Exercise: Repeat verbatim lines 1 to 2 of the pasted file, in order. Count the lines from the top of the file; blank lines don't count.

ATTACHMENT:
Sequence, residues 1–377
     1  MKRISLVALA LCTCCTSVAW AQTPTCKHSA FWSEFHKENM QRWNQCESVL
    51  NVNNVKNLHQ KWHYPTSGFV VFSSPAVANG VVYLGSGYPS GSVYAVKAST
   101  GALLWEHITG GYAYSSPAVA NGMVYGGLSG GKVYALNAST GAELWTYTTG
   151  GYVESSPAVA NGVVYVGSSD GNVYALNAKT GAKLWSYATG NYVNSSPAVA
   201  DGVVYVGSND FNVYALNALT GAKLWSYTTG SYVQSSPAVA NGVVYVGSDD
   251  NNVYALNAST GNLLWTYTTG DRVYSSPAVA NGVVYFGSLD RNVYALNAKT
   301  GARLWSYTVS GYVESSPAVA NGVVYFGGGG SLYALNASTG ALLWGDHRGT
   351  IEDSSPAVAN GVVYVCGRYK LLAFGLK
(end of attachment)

Sequence, residues 1–377
     1  MKRISLVALA LCTCCTSVAW AQTPTCKHSA FWSEFHKENM QRWNQCESVL